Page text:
The use of curvature and strings cutting across different planes is also embodied in Moore’s sculpture Stringed Figure. In Circle, the important 1937 art book that Moore, Gabo, and Hepworth all contributed to, Moore states that sculpture is the best medium to attempt freely “the exploration of the world of pure form” (Circle 118). Moore, like Gabo, was fascinated by mathematical models and this interest informed his sculptures. The white strings that meet in the middle of the arc and pull together the two curving sides, create a taut connection between the gaping interior space and the polished exterior. Undulating planes in the sculpture’s interior generate interplay between light and shadow that recalls the natural forms Moore wanted to convey in his art.

Written by Catherine Rose O’Brien, Class of 2017


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Exhibitions: Timelines by Sandra Matthews


Photographer Sandra Matthews started her ongoing portrait project – Timelines – in 1989. She writes, “I began a portrait project in which I photographed individual women – family, friends and acquaintances – against a backdrop of collaged newspaper.  Eighteen years later I returned to this project, making new backdrops, re-photographing some of the original subjects and adding new ones. The focus of the work shifted to the passage of time itself. I photographed not only individuals over time, but also generations alongside each other.”

The Mead currently has two of Matthews’ portraits on view (through June 29). The first is Amira and Nancy 1989 / Amira and Samari 2008 (above), which depicts a mother, Nancy, and her daughter, Amira, on the left, and grown-up Amira and her own daughter, Samari, on the right. The second is Ibi 1989/ Ibi 2007 (below), two portraits of one woman taken eighteen years apart.

Matthews continues: “While the individuals I have photographed are drawn from my own circle of personal relationships, their lives are shaped by global factors. Collectively, they have experienced illness, violence, disability and loss, and also have grown, survived, met challenges and thrived. Taken together, the ‘Timelines’ allow me to engage more fully with my own historical moment.”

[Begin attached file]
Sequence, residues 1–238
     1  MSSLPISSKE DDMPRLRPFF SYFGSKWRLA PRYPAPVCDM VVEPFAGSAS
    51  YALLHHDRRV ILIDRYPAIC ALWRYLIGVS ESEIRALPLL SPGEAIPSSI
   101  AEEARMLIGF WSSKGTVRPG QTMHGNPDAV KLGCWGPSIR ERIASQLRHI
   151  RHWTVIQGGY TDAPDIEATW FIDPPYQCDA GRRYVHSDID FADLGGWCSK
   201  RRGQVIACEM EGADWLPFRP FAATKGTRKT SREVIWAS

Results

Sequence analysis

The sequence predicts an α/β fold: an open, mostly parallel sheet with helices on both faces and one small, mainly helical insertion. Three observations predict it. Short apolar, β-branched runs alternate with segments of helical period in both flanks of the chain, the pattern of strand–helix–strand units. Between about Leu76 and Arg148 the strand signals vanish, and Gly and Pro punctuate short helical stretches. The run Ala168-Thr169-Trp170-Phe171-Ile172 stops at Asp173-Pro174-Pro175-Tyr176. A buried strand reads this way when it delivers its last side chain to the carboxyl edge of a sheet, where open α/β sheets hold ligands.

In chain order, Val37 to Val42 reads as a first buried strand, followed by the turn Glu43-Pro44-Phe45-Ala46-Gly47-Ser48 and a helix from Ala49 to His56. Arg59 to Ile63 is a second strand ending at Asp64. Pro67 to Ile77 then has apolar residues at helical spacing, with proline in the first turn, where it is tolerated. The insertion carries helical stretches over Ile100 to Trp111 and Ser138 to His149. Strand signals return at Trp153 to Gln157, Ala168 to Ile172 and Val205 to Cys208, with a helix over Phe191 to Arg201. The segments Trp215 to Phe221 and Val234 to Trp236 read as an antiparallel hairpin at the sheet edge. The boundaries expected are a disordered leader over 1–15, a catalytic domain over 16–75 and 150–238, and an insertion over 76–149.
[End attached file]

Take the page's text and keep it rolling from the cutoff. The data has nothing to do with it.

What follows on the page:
To see more of Matthews Timelines, visit her website.

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From the Collection: Prints by Katja Oxman

The following prints by German-born American artist Katja Oxman joined the collection just last year and are currently on display in the Mead’s New Arrivals exhibition (on view through June 29).

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This beautiful triptych, titled Sound of Water Over Rock, is a meticulously arranged still life. The title, taken from a passage in T. S. Eliot’s 1922 poem “The Waste Land” in which the speaker longs to hear the sound of water over a rock, subtly alludes to the diversity of forms in the print. Similar to Eliot’s complex and excursive poem, Oxman’s print is a mélange of the traditional and the modern, the soft and the sharply cut, the flat and the three-dimensional, the geometric and the impressionistic. Notice, for instance, the contrasts between the rug’s pattern, the renditions of Japanese prints, and Monet’s water lilies.

2013-109This print – In Yellow Hewn takes its title from nineteenth-century Amherst-born poet Emily Dickinson, who wrote, “Of Yellow was the outer Sky / In Yellower Yellow hewn / Till Saffron in Vermilion slid / Whose seam could not be shewn.” Within the print, one finds the connotation of “hewn” in the way two thin streaks of blue and yellow mirror each other over the mountains, as if indicating that the yellow sky is raggedly dissolving into the approaching night clouds. The window faces west; the table is already sunk in the hues of “Saffron” and “Vermillion.” Colorful postcards depicting well-known artworks on the tabletop and the flowering orchid curving over the scene aesthetically complement the distant sky. Although indicative of Oxman’s customary fondness for strictly structured shapes and her lack of shadows, this mountainous vista nevertheless betrays a pensive depth and hints at a great expanse beyond the confines of the room and the frame of the window.